Threshold will be open to the public from 5th April 2019

Threshold by Natasha Rosling has been funded by the Forest and Tewkesbury Borough LEADER programme, part of the European Agricultural Fund for Rural Development: Europe investing in rural areas

Update on impact of Covid-19

News release: Forest of Dean Sculpture Trust can confirm that Cusp, an installation conceived by the artist Elpida Hadzi-Vasileva, has been cancelled.

Nick Bury, Chair of the Forest of Dean Sculpture Trustees, says: “The decision to cancel Cusp was not taken lightly. Despite some success raising government funding for our many projects, we could not secure enough to complete the intricate carpentry, engineering, rising installation and future management costs of this artwork.

Financially challenges are compounded by time pressures to complete the project before the deadline of an EU grant, that was essential for the installation of Cusp.

We explored countless options to refinance the project, but, in the current climate we had no option but to cancel the commission.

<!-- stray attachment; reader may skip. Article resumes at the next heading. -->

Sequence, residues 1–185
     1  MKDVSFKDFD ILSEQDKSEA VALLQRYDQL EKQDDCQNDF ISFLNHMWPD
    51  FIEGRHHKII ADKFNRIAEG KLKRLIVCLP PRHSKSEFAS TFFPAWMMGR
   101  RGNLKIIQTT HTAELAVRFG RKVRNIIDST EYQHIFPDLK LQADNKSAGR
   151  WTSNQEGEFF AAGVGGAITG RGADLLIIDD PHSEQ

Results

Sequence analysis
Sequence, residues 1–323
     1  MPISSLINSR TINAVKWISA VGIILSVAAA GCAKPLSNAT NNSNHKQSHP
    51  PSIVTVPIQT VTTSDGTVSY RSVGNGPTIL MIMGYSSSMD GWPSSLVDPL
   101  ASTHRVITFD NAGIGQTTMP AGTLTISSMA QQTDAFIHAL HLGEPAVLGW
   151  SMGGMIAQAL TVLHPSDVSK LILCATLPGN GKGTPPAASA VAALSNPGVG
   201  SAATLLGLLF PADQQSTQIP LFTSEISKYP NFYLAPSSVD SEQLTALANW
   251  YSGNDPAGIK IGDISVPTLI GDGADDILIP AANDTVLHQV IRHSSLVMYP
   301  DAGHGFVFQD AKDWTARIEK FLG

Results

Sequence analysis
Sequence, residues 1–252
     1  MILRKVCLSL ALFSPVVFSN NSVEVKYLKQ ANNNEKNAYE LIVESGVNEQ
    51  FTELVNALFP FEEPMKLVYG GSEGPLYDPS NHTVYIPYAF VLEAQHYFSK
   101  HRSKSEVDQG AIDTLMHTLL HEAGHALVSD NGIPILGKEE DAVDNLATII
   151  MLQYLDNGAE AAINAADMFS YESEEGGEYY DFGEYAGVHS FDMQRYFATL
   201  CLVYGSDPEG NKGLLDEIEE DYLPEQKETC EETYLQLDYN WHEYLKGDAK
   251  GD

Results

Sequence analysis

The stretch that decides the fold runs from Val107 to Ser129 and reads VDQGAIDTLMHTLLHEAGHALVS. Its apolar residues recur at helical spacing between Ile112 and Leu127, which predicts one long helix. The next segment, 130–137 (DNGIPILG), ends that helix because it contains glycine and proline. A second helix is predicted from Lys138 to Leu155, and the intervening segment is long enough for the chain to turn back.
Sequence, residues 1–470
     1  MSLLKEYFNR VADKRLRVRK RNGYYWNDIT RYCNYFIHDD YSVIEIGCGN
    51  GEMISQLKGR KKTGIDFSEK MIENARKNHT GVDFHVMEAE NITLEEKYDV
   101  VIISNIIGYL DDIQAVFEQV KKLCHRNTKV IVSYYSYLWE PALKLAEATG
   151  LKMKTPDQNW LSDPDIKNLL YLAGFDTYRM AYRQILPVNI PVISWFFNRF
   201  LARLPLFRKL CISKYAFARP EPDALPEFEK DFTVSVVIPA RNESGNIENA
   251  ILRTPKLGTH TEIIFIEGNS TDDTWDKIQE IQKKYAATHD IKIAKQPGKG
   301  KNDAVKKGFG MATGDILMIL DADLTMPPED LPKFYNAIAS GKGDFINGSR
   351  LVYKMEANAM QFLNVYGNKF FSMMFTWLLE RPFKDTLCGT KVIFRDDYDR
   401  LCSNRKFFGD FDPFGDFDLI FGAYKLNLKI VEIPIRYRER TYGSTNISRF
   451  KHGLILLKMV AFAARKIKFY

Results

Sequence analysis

We thank Elpida Hadzi-Vasileva for her vision, and the hard working team of crafts people and volunteers who contributed to the project”

25th January 2021.

Work begins on major new sculpture Threshold by artist Natasha Rosling

New sculpture construction. Threshold by Natasha Rosling Forest

Visitors to The Forest of Dean’s Sculpture trail may have noticed an unusual structure appearing along the route.  ‘Threshold’ is a permanent new sculpture by Natasha Rosling. The artwork seeks to bring to the surface the subterranean world beneath the forest.

Two sculptural walls are being built side by side to form a walk-through crevice. The process of making the sculpture began with casting the ancient walls of Clearwell Caves, a local ancient mine. Construction has now moved to the Sculpture Trail and requires the use of poured concrete layered in stages over a period of several weeks.

 Natasha Rosling at work on Threshold

Cathy Mager Project Director for the Sculpture Trust said “We thrilled to begin work on this ambitious new artwork. We look forward to seeing visitors walking through the walls of Threshold and immerse themselves with its intriguing textures and colours when the sculpture opens in 2019.”